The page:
Enable Recite

Subscribe options

Select your newsletters:

Please enter your email address:

@

Your email address will only be used for the purpose of sending you the ITER Organization publication(s) that you have requested. ITER Organization will not transfer your email address or other personal data to any other party or use it for commercial purposes.

If you change your mind, you can easily unsubscribe by clicking the unsubscribe option at the bottom of an email you've received from ITER Organization.

For more information, see our Privacy policy.

News & Media

Latest ITER Newsline

  • Contract management | E-procurement helps to simplify and streamline

    The Procurement & Contracts Division at the ITER Organization is rolling out a new e-procurement tool that will simplify and streamline contract management [...]

    Read more

  • Cooling water plant | Partners work in lockstep to keep ITER cool

    Much of the cooling water plant is now ready for commissioning, thanks to a well-executed plan and close coordination among partners. 'Sooner or later, all heat [...]

    Read more

  • American Physical Society | Alberto Loarte elected Fellow

    Alberto Loarte, head of the ITER Science Division, has been elected as a Fellow of the American Physical Society (APS). Loarte was nominated by the APS Division [...]

    Read more

  • Fusion events | Bringing power to the people

    In tandem with the annual Fête de la Science, a French exhibition on the sciences, the European research consortium EUROfusion is premiering a new travelling ex [...]

    Read more

  • Fusion world | Stellarators "an option" for future power plants

    In the history of magnetic fusion, the photo is iconic. A smiling, bespectacled middle-aged man stands next to a strange contraption sitting on a makeshift wood [...]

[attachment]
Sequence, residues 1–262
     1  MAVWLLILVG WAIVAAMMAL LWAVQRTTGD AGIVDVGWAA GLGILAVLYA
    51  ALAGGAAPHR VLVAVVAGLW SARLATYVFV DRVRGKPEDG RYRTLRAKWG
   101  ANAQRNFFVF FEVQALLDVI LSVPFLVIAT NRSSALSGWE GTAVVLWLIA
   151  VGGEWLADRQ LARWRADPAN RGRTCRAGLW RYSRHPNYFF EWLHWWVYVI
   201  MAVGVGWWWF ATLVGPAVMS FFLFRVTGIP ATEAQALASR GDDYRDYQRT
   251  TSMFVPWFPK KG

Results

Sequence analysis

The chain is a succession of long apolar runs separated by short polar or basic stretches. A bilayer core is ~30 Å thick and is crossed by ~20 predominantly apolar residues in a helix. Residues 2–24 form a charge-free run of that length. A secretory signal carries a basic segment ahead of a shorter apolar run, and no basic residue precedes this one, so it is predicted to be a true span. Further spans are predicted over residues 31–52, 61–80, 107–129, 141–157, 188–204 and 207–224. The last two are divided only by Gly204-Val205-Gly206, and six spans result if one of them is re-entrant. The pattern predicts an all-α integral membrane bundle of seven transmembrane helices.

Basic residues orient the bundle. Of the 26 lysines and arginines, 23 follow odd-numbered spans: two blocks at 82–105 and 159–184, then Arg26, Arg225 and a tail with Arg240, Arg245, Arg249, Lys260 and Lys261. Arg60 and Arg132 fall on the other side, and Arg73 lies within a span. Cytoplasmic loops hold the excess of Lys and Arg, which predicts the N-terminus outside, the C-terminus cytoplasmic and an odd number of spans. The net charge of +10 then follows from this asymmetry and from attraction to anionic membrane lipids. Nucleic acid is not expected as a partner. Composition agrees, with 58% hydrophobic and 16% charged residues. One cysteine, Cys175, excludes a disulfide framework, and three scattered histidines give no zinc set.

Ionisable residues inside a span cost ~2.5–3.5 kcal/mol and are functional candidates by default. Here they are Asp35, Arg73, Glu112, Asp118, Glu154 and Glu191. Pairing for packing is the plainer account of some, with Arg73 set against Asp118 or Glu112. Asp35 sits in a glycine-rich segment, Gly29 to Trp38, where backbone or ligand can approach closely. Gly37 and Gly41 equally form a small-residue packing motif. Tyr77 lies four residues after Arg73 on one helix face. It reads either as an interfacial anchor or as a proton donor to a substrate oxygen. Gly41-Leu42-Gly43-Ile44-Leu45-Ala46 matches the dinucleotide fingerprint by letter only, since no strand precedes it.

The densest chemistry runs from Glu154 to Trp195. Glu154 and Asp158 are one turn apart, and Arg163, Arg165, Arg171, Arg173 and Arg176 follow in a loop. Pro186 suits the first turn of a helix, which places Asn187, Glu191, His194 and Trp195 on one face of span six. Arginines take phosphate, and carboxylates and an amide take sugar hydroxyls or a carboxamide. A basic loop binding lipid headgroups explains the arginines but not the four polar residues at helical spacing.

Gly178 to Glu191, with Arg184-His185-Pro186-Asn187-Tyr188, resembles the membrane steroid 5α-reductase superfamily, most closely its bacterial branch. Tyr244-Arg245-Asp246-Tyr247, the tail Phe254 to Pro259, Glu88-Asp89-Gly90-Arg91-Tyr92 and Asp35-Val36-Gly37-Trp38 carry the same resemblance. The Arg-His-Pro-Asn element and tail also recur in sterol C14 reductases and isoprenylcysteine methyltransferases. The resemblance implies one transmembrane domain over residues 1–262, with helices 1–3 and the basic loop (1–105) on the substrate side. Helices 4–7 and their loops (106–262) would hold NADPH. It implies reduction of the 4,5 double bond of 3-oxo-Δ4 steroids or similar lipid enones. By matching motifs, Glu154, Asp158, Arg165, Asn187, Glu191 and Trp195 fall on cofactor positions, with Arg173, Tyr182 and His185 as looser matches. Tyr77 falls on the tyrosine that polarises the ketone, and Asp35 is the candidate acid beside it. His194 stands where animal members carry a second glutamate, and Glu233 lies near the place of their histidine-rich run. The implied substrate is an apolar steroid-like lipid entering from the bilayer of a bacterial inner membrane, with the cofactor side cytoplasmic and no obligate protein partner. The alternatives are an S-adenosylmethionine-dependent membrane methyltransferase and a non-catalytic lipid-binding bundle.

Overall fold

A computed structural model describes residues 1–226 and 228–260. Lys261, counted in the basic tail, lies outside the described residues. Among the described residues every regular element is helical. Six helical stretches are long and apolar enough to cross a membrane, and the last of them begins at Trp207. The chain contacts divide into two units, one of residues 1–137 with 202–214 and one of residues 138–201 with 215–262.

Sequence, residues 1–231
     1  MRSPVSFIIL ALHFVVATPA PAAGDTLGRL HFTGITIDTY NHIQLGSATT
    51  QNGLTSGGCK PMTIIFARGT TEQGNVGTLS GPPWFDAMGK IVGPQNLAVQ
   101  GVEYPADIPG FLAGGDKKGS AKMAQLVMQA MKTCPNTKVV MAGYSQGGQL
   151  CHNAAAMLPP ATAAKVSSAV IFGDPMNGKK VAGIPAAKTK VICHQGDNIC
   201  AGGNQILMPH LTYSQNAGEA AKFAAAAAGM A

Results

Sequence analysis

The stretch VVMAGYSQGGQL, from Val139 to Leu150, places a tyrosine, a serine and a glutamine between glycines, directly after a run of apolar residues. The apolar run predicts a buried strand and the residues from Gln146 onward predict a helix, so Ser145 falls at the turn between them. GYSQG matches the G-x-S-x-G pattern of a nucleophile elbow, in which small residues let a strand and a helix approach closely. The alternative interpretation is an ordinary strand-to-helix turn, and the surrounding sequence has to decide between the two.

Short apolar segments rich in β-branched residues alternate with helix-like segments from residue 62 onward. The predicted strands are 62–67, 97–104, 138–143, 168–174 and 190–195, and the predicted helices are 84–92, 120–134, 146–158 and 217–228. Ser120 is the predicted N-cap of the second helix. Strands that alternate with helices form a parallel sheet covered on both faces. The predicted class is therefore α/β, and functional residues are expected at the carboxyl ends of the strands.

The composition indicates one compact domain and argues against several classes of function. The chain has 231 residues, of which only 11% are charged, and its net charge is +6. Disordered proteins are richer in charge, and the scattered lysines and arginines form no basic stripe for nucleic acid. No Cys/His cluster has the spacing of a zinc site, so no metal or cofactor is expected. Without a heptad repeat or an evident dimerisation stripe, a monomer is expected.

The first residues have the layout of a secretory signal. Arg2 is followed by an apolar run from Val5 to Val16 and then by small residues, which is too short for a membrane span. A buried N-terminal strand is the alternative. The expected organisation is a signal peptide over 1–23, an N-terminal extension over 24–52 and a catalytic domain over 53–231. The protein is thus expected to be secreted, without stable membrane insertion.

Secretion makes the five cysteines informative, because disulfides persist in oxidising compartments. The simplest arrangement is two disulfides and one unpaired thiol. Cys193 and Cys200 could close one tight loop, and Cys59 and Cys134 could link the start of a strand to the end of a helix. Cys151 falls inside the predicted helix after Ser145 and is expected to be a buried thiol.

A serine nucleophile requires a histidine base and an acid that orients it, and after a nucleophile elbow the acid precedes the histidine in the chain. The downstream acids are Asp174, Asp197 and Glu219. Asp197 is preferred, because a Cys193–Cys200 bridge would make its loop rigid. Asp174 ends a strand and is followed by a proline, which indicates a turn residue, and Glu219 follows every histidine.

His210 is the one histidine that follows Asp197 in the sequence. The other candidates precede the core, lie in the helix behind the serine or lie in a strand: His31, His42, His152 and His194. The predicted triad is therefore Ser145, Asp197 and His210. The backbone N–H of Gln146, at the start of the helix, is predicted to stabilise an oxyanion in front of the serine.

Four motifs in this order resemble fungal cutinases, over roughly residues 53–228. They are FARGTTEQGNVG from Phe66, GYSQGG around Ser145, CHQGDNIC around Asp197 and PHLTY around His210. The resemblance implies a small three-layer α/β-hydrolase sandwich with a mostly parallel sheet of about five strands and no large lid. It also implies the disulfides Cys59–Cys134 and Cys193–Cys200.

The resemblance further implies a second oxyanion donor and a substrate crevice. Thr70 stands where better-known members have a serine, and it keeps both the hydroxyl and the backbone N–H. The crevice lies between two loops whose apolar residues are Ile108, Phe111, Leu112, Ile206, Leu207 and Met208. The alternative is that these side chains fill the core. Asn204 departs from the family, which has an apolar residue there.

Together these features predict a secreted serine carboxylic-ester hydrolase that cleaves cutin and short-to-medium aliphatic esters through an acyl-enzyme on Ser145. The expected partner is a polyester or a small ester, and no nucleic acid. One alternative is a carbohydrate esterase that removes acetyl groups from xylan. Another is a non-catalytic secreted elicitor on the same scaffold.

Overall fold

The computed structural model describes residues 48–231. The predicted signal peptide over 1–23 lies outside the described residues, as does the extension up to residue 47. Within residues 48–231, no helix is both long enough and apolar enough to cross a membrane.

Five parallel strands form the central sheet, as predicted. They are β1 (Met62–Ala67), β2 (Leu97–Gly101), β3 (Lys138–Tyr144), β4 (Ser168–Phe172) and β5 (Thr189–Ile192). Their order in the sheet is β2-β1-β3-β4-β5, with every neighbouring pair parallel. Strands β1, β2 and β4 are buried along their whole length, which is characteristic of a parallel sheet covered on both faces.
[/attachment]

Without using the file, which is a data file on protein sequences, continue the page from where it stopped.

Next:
Read more

Of Interest

See archived entries

Small delivery for a very massive tool

The first components of the sector sub-assembly tool have reached ITER; four more batches are planned in the coming months. The 90 crates of material will be stored in the Cleaning Facility (the smaller building in the photo) until tool assembly begins. (Click to view larger version...)
The first components of the sector sub-assembly tool have reached ITER; four more batches are planned in the coming months. The 90 crates of material will be stored in the Cleaning Facility (the smaller building in the photo) until tool assembly begins.
At ITER, two massive sector sub-assembly tools will suspend and equip the vacuum vessel sectors in the Assembly Hall before they are transported by overhead crane to the Tokamak Pit for installation.

Following fabrication, assembly and testing in Korea, the first of the giant tools (22 m tall, 800 tonnes) is on its way to ITER in batches. The first crates reached the site on 22 June.

A dedicated storage area has been prepared in the antechamber to the Assembly Hall, the Cleaning Facility, for the successive batches of components. The first installation activities will begin in September, with the installation of the first rail components on the concrete basemat. The structure of the tool will require approximately three months to build.

The weight of the suspended vacuum vessel sectors is anchored by three massive columns, while lateral ''wings'' will slowly rotate the other components of the sector sub-assembly (two toroidal field coils and thermal shielding) in for alignment and installation. (Click to view larger version...)
The weight of the suspended vacuum vessel sectors is anchored by three massive columns, while lateral ''wings'' will slowly rotate the other components of the sector sub-assembly (two toroidal field coils and thermal shielding) in for alignment and installation.
As part of site acceptance tests, the tool will be tested with a 310-tonne load—the weight of one of the two toroidal field coils that will be rotated and attached as each vacuum vessel sector is suspended vertically.

The on-time arrival of the first tool components validates one of ITER Project's 2017 milestones.

Read more about the tool here.


return to the latest published articles